“Sixty-five years after those photographs were taken, they ended my marriage. When I heard about plans for a statue of Elsie and Frances I thought: ‘Please, no’. I don’t want them glorified.”
The first hoax photo, in 1917, was of Frances surrounded by Elsie's hand-drawn fairies. They took two photographs that summer, developed in Elsie’s father’s makeshift darkroom, and the pictures remained in the family until 1920, when Elsie’s mother took them to a meeting of Bradford Theosophical Society. They reached the attention of Conan Doyle, whose fascination with spiritualism and the supernatural was well known. Intrigued by the fairies, he gave Elsie and Frances an expensive camera, to take more photographs. Using a hatpin, the girls stuck a paper fairy holding a harebell onto a leaf and another cut-out, a leaping fairy, was pinned to a willow tree branch.
The fifth picture- a spooky image of transparent fairies peering from a misty nest - is different to the others. Conan Doyle called it the ‘Fairy Bower’. When the hoax was revealed, Frances insisted this was the only image that was real, and that she had taken it. But Elsie claimed she'd taken it and, like the others, it was a fake.
“Dad always believed in the Fairy Bower, I think it gave him hope,” says his daughter, Jane Cooper, of Ilkley. "He was a good man. I didn’t believe in fairies as a child but I didn’t want to hurt his feelings. Mum was the practical one; while Dad was researching fairies she’d be getting my brother and I ready for school.
“It was Dad who brought back into focus a story which had laid dormant for 65 years; Elsie and Frances spoke to him about it for the first time since the early 1920s. He often took film crews to Cottingley and led tours of the beck. I remember an American coming over to try and disprove the images, he took photos of me at the beck with my Sindy dolls in the trees.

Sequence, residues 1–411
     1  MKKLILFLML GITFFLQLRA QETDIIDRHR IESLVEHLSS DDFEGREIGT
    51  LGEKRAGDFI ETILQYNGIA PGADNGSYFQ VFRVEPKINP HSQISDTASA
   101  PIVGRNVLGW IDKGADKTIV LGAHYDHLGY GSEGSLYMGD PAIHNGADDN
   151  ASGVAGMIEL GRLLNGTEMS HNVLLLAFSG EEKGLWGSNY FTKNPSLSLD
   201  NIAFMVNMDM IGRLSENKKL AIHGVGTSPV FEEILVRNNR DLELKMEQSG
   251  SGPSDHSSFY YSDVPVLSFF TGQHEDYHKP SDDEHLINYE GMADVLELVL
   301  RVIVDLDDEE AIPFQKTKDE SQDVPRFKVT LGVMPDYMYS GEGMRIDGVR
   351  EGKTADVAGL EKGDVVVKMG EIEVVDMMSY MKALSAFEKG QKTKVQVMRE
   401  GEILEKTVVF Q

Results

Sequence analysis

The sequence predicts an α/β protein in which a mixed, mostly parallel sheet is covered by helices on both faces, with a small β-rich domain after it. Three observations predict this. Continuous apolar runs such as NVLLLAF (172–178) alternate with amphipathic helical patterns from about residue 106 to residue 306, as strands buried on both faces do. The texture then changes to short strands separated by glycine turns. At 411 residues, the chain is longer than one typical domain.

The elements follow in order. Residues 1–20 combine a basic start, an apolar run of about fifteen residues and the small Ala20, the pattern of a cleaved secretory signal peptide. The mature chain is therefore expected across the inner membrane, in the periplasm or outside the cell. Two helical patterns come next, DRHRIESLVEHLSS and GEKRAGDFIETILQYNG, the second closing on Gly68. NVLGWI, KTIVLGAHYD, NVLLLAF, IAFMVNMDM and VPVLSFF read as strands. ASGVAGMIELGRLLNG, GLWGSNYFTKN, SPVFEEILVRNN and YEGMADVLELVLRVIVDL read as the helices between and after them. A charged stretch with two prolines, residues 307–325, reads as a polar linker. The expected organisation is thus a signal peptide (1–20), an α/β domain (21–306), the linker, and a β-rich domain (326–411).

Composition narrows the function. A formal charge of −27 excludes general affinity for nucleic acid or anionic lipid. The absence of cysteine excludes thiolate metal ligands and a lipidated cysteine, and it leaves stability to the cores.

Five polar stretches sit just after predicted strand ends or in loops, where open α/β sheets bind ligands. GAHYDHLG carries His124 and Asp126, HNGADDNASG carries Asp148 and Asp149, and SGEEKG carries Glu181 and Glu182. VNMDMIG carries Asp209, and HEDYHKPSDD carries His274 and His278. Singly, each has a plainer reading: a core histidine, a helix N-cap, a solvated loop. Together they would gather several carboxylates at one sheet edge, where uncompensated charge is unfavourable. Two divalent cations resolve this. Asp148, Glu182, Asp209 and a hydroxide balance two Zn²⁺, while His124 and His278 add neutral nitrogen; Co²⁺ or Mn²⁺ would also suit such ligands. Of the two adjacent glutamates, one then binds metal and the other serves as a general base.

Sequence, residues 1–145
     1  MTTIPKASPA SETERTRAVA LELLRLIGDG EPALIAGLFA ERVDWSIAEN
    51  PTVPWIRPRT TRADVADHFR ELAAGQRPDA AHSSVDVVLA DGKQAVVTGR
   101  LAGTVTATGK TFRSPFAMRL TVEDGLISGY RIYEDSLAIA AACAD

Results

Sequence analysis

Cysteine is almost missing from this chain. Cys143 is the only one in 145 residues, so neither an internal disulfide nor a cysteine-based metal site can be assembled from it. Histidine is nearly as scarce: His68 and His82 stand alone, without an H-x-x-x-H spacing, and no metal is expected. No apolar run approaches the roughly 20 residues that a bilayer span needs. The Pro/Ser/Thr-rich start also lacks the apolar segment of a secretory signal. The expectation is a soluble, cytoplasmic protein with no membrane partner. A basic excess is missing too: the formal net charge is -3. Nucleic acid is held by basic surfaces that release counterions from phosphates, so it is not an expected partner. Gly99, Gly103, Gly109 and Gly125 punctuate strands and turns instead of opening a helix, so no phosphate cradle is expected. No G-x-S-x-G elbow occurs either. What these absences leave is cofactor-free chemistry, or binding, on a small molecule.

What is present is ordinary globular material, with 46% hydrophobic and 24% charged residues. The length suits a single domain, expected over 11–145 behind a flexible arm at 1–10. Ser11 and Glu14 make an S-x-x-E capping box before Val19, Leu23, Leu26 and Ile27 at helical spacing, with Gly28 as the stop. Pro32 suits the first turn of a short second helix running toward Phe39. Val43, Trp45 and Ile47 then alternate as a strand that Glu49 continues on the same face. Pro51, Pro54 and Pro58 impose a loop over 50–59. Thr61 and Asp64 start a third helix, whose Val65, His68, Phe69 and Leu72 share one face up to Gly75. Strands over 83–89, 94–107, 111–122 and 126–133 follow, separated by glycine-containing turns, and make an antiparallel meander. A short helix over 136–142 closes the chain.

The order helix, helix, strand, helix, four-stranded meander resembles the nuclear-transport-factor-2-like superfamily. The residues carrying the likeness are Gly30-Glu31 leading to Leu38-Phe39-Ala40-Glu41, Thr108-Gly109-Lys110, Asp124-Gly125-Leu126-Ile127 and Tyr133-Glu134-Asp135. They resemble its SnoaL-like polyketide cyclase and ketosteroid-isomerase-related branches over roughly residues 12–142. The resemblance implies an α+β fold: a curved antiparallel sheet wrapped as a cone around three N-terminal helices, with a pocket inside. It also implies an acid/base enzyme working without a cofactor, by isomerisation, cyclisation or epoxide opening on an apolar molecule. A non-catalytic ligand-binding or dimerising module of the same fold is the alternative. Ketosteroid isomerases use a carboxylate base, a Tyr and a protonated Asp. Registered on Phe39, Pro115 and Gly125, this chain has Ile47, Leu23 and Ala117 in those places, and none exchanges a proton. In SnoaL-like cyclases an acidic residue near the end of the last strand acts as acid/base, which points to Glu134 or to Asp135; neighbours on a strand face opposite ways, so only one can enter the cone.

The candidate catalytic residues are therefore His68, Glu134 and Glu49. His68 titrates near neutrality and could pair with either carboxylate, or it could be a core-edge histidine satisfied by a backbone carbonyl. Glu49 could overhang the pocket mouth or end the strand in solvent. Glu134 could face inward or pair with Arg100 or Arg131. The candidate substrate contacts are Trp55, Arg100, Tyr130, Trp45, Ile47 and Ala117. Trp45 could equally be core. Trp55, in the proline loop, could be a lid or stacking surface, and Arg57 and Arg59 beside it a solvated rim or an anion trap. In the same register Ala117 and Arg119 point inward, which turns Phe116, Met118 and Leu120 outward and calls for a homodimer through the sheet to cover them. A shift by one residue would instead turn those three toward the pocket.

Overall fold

“When Dad went on TV’s The Big Breakfast as “the world’s leading expert in fairies” I feared they’d make a fool of him but he simply said, ‘It’s not whether you believe in fairies, it’s whether they believe in you’. He was contacted by many people claiming to have seen fairies.”
Jane believes her father’s near-death experiences as a bomber command navigator in the Second World War influenced his ideas. “He was 19, he was shot at nightly and believed something was looking after him. It wasn’t unusual for airmen to have a talisman," she says. "Dad suffered post-traumatic stress and cultivated a larger-than-life personality to deal with that.
"His father, my grandfather, had been in the First World War and his job was to piece together the limbs of dead soldiers. Dad grew up in a strict household, with bleak accounts of his father's experiences.
"Dad was a scientific man but he believed in the supernatural. He loved nothing more than taking on the sceptics.”
Jane has been working with the National Media Museum on acknowledging her father’s contribution to the Cottingley Fairies story in its schools programme. She is also writing a script about the hoax, which she plans to develop into a play or musical.
“People think the Cottingley Fairies is this lovely tale of two little girls, but it had a massive impact on our lives,” says Jane. “I want the world to know that my father was a good man.”